The accelerating spread of the coronavirus has smacked the container shipping sector with reduced global container volumes and carrier earnings, but the medium-term impact will probably be manageable—provided the virus spread is contained—according to a report from U.K.-based shipping consultancy Drewry Shipping Consultants Ltd.
Container shipping lines have grown resilient to disruption in recent years, since they have often been forced to adapt to unexpected forces such as trade wars, port lock downs, and new viruses, the firm said. And overall, container shipping is not as exposed to coronavirus problems as the airline or tourism industries. But in the near term, maritime trade will still suffer from a slump in revenues, as quarantines and travel restrictions prevent employees from working at ports, leading to a dip in port volumes, shortages of empty containers, and cancelled ocean sailings.
That finding is in line with a report from another trade industry analyst group, Xeneta, which concluded that long-term ocean freight rates are currently standing firm in the midst of growing global coronavirus concern, despite widespread ramifications for the container ship segment as a whole.
Oslo, Norway-based Xeneta made that finding based on its latest XSI Public Indices report, which provides market intelligence based on real-time, crowd-sourced data from shippers. “The shipping industry, like much of the rest of society, has been rocked by coronavirus. It is operating as a major disruptive force, derailing supply chains and impacting on both exports and imports across the board,” Xeneta CEO Patrik Berglund said in a release. https://www.xeneta.com/xsi-public-indices
Xeneta reports that vessels leaving China have been sailing with utilization rates of less than 20%, despite the fact that a huge amount of tonnage has been removed from the market. Maersk alone has dropped more than 50 sailings from Chinese ports since late January, according to Xeneta.
“A huge amount of business has been lost,” Berglund said. “A complex range of factors – including quarantine times, a lack of workers at key ports and throughout supply chains, and travel restrictions – are working as one to disrupt the status quo, causing severe issues for those reliant on the supply of goods from China. Uncertainty reigns supreme.”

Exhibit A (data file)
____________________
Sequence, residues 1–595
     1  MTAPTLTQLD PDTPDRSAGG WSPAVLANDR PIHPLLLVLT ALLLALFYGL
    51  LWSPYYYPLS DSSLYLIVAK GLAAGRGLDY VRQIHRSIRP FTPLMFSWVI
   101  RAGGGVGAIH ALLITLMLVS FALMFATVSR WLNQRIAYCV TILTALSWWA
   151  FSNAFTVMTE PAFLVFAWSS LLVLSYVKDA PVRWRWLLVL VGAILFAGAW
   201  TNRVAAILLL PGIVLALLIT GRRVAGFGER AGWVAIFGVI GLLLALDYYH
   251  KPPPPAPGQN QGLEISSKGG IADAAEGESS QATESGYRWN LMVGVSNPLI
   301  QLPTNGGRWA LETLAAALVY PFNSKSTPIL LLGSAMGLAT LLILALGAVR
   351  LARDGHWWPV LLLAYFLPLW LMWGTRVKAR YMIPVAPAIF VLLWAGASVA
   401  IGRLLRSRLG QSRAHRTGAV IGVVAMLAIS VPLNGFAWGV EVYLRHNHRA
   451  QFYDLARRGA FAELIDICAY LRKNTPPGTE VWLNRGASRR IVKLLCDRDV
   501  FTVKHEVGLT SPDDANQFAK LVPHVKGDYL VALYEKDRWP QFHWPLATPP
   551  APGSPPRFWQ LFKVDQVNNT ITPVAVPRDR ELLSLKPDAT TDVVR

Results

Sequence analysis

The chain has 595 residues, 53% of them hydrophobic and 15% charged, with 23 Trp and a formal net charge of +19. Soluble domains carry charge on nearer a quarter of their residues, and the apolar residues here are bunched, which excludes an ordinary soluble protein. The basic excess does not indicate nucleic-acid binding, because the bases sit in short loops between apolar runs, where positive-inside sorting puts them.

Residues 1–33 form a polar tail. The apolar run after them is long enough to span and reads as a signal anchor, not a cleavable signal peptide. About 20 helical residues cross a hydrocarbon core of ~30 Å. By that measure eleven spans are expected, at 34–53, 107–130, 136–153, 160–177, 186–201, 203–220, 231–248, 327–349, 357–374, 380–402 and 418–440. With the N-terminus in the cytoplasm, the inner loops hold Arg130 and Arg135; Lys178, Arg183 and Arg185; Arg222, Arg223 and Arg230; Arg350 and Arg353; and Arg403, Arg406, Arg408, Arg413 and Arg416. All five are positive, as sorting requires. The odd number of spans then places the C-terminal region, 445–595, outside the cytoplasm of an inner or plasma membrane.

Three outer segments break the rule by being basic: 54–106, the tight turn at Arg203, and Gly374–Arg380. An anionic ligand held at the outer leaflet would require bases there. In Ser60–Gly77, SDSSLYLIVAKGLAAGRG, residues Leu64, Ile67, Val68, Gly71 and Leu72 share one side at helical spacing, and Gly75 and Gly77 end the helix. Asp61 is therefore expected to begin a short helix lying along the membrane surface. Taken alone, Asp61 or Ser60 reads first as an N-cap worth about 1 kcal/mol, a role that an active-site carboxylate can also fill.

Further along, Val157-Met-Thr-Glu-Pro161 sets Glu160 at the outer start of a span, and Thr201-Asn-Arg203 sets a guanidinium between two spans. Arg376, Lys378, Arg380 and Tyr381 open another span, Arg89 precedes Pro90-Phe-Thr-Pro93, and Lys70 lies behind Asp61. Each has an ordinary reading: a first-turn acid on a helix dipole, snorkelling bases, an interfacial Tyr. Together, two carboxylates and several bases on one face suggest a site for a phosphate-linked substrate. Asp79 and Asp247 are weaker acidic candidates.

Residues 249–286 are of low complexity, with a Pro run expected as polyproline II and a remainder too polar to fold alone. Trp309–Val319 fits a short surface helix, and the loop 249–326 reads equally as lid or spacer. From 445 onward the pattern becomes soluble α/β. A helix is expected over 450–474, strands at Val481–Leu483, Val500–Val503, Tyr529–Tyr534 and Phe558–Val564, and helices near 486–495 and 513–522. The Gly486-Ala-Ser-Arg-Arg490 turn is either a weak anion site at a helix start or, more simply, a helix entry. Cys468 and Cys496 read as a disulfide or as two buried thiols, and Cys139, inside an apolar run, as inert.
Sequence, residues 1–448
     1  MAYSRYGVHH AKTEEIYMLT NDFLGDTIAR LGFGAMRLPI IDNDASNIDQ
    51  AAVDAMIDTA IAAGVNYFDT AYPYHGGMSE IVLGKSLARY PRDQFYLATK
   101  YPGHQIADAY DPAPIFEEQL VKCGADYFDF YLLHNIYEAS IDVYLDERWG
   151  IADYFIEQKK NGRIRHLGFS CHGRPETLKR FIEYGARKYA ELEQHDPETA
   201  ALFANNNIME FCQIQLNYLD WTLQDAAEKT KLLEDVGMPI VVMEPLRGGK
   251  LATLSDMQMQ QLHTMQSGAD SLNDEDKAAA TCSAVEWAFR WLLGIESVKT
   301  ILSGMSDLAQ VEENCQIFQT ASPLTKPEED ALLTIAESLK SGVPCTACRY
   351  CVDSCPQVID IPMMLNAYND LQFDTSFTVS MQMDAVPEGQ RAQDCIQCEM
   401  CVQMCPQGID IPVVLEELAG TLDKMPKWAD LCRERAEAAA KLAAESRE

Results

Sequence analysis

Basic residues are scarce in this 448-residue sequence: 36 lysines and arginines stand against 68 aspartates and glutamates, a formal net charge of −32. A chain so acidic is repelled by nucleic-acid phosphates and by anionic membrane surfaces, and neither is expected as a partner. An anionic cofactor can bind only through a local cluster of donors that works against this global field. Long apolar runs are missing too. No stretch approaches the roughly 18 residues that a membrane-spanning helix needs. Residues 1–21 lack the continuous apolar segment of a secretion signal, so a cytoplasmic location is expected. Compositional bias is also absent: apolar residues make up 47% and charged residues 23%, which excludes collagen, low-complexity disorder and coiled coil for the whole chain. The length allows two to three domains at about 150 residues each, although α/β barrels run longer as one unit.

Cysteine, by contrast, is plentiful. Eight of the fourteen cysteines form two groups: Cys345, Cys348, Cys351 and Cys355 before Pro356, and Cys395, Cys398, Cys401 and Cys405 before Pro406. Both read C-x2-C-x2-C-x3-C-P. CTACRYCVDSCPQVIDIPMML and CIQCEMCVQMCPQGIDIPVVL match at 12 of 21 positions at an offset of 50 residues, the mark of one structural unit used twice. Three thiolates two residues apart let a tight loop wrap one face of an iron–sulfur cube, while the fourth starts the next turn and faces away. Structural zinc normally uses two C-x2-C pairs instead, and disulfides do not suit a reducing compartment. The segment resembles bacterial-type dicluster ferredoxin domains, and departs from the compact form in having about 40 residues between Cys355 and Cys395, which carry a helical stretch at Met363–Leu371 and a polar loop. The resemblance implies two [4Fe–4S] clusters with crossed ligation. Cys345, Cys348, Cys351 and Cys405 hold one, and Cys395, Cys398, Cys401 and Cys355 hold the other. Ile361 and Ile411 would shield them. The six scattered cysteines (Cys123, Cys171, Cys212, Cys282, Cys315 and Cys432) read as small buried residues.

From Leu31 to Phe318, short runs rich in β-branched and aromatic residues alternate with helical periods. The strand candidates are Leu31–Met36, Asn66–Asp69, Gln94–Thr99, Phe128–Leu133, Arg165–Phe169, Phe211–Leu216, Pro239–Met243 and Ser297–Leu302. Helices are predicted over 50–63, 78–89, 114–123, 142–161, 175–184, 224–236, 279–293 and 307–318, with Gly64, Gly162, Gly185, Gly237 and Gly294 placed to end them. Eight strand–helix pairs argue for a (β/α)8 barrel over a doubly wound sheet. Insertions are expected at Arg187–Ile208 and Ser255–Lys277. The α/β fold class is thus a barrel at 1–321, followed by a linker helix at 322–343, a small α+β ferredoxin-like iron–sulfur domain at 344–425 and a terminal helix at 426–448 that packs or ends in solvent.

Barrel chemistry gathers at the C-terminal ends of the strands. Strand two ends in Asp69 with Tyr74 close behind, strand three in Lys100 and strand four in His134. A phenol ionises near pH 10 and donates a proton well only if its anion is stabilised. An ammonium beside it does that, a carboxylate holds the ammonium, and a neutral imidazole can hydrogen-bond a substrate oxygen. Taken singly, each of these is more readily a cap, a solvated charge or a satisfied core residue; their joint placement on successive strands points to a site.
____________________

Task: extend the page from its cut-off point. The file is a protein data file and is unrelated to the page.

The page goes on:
Long term recovery likely as experts study the virus
Shipping lines have become skilled in recent years at negotiating unpredictable challenges, but the coronavirus is a higher hurdle than most because so little is known about it. In the long term, the outbreak may cause even more damage if it becomes widespread, because countries face a “knowledge deficit” that is blocking their ability to plan responses, Drewry said.
“While it is preferable to avoid tabloid-esque doomsday predictions, so little is known about Covid-19 at this juncture—other than it is highly contagious, appears to have a much higher fatality rate than seasonal flu, and currently has no vaccine—nobody can confidently predict the outcome. Authorities have the daunting challenge of protecting public safety without overly harming the economy, that if it turns sour could lead to its own health risks, all the while trying to avoid panic,” Drewry said.
Still, if this contagion follows historical patterns, the sector should be able to rebound, the report found. “In our view, there is enough historical evidence from recent outbreaks such as SARS, MERS and Ebola to suggest that Covid-19 can be contained fairly quickly, or at least become much better understood, and that on the balance of probability, the outcome will not be devastating,” Drewry said.
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